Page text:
J-school students face wage issues in bargaining and summer reporting
Ten student journalists began the 2014 edition of the Bay News Rising summer program Tuesday night by organizing their own bargaining unit at Pacific Media Workers Guild local 39521 in San Francisco.
Backed by a grant from CWA’s Next Generation initiative, the Bay News Rising program offers mentorships, editing assistance and paid work opportunities for college journalism students interested in reporting on labor, women’s rights and other social justice topics.
Participants meet twice a week, on Tuesday and Thursday nights, in the Guild conference room on Natoma Street. Rebecca Rosen Lum, president of the local and a founder of the Guild Freelancers unit, is the program’s lead instructor, backed by two alumni, Joe Fitzgerald Rodriguez and Sara Bloomberg.
Students are expected to produce at least two publishable stories by the end of the 9-week program, which will concentrate on coverage of the minimum wage this summer. The first assignment, given on Tuesday night, was to find and profile a low-wage worker.
“The students seems hungry for information and hungry for journalism,” Rodriguez said afterward.
Many of the students are from working class backgrounds, paying their own way through school, lured to journalism by the idea of comforting the afflicted and afflicting the comfortable but frustrated by the lack of jobs.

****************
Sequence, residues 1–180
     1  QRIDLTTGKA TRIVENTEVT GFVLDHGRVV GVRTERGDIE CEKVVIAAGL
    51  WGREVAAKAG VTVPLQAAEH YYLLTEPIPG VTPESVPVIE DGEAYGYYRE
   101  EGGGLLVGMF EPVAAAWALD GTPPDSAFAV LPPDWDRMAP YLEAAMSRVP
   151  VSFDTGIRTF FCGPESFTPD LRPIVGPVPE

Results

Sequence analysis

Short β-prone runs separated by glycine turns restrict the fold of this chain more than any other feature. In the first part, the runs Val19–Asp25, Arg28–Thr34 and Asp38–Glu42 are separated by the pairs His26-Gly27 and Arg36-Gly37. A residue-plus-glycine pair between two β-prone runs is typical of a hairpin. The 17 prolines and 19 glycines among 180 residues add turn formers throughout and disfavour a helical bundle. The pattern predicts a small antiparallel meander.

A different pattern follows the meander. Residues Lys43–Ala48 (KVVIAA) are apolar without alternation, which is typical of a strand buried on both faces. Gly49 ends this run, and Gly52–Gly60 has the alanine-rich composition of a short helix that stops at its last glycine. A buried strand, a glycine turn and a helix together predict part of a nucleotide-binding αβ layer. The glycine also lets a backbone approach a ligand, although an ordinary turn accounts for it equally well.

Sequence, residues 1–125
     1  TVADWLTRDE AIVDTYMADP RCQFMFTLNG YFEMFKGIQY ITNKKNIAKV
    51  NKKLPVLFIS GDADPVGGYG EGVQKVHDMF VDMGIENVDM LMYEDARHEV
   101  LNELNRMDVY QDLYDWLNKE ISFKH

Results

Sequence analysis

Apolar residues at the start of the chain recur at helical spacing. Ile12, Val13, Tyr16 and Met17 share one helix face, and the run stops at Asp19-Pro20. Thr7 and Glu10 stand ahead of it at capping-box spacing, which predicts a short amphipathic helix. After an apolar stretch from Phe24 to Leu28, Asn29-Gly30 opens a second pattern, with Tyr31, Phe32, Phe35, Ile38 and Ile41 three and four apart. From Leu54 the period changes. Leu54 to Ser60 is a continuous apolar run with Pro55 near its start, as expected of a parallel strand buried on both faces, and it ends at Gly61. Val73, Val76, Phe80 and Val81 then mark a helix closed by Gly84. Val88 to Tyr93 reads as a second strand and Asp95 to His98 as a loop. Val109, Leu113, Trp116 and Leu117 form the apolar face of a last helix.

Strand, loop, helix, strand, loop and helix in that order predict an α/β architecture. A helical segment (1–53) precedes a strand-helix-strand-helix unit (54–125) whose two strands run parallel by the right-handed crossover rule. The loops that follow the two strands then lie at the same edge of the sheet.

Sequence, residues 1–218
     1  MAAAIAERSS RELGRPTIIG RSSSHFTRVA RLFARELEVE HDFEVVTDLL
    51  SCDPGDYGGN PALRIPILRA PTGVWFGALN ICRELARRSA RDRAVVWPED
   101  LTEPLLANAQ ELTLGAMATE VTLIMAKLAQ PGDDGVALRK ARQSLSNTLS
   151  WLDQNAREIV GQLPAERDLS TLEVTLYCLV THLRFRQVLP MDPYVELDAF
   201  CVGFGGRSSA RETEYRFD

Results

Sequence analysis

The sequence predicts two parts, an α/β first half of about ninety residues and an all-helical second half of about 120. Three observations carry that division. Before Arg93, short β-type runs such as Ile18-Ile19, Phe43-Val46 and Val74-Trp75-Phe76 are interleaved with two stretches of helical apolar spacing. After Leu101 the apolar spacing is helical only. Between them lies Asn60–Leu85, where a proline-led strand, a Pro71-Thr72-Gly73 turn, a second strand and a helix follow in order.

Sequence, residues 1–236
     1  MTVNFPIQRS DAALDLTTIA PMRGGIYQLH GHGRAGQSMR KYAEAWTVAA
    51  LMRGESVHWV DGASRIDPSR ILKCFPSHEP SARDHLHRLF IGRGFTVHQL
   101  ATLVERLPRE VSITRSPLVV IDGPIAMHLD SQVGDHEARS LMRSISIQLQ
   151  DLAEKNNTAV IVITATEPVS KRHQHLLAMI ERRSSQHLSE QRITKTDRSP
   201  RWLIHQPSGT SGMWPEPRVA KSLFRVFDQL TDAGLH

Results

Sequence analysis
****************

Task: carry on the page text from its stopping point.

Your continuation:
Nowadays, news organizations and online outfits offer only unpaid journalism internships, paying in a phony currency of “exposure” and “contacts.” One of the main lessons of the Guild’s Bay News Rising program is that journalists deserve to be paid, and that journalist unions should make that happen.
That is why the program architects, led by local administrative officer and program founder Kat Stewart Anderson, always invite each crop of student participants to form their own Bay News Rising Student Bargaining Unit on the first class each summer. The students then negotiated their terms and conditions with Anderson and Guild Executive Officer Carl Hall.
“They forced us to agree to go over budget, and the hourly rate they got is $2.50 more than the freelance unit’s student minimum,” Hall said. “But we were able to avoid making any agreement on the free snacks, so we will find a way to pay for everything, even if it means no cheese and crackers some nights.”
This is the program’s third year. The first two seasons were financed by grants from the Berger-Marks Foundation in Washington, D.C.
The CWA grant includes money to finance a Bay News Rising internship-fellowship program during the upcoming school year as well. The local hopes to create a model program in labor reporting through local journalism programs at SF State and UC Berkeley.
Local 39521 is also hoping to assist other locals in the Guild interested in starting their own student education/mentorship programs. “A key to our survival as labor organizations is to attract younger workers, many of whom are faced with non-traditional work roles. By offering them career training and a sense of community, membership makes sense to young freelancers,” Anderson said.
For more information, please contact Kat Anderson or call (415) 298-1335.